The anticipation leading up to my departure for the Dominican Republic as a Fulbright U.S. Student Study/Research award recipient is something I remember vividly. While I dreamt of the ways that my research would have an impact on my host community, I had no idea that it would also end up having an impact on me. Some may call it serendipity, others may call it a blessing, but I now realize how the Fulbright “piece” was the perfect fit to the “puzzle” of my soon-to-be professional life.
I began constructing my puzzle in high school by taking sign language classes and added another piece during college through an intensive Spanish immersion program in Costa Rica. Due to these experiences, I chose to double major in American Sign Language/English interpretation and international studies at the Rochester Institute of Technology. Yet, as I progressed in my undergraduate career, I struggled to see how these pieces fit together. How was it possible to apply a language that is uniquely American to the international community? When my professor approached me about an opportunity to apply for a Fulbright award, I knew this was my chance.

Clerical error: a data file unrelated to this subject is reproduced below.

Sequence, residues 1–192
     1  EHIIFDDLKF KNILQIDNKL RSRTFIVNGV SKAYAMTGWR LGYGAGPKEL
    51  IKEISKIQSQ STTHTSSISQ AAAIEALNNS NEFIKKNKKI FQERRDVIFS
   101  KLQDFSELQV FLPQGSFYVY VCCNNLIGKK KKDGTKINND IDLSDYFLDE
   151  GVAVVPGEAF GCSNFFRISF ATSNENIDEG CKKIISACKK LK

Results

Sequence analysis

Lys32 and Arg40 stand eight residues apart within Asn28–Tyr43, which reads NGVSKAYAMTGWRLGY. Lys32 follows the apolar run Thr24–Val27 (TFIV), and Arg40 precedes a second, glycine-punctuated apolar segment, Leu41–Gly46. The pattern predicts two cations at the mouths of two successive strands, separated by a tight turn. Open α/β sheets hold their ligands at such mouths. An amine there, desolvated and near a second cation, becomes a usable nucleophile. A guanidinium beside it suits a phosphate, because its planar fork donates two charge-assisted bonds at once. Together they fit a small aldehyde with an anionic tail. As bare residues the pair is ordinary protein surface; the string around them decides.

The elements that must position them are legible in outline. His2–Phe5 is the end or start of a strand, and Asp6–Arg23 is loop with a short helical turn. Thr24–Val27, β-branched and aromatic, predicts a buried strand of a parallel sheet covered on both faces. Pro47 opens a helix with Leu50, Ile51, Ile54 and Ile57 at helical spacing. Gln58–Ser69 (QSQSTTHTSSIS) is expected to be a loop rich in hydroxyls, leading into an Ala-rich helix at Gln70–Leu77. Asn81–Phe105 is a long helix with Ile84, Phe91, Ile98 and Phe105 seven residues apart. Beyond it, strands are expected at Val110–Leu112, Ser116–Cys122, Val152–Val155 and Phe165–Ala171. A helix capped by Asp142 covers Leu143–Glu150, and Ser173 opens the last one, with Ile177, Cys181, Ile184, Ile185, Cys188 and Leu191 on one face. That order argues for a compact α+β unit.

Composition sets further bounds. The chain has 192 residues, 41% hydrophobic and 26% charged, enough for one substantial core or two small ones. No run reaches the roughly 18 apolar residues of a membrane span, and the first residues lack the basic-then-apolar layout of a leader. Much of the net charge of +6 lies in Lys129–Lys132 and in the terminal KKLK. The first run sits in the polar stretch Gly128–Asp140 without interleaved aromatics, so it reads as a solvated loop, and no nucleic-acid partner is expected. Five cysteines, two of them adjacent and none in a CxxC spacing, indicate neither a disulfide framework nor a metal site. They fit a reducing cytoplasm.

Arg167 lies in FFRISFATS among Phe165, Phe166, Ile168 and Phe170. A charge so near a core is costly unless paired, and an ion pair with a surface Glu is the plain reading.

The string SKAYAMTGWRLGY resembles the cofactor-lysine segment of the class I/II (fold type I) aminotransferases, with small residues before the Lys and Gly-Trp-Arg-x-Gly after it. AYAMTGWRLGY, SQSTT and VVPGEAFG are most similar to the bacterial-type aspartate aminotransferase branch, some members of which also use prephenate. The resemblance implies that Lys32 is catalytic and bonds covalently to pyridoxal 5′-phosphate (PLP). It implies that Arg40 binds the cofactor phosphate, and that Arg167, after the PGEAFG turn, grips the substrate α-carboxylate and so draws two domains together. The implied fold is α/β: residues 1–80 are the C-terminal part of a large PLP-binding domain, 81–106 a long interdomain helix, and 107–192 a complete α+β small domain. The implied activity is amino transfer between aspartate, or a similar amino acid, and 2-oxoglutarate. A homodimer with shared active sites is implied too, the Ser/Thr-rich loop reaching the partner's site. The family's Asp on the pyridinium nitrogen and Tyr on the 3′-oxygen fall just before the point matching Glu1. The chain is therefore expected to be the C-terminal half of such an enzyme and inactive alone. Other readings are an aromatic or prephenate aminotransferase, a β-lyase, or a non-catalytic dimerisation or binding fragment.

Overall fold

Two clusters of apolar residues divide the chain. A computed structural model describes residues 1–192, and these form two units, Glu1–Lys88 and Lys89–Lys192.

Shortly after I heard about Fulbright, I worked as an intern in the Dominican Republic’s Ministry of Education. Over the summer of 2014, I had the opportunity to meet members of the Dominican Deaf community. To my surprise, I discovered that American Sign Language and Dominican Sign Language were not that different after all. Suddenly, something that I had previously thought restricted me professionally to the United States, gave me an international connection to the Dominican Deaf community and a foundation for a Fulbright proposal.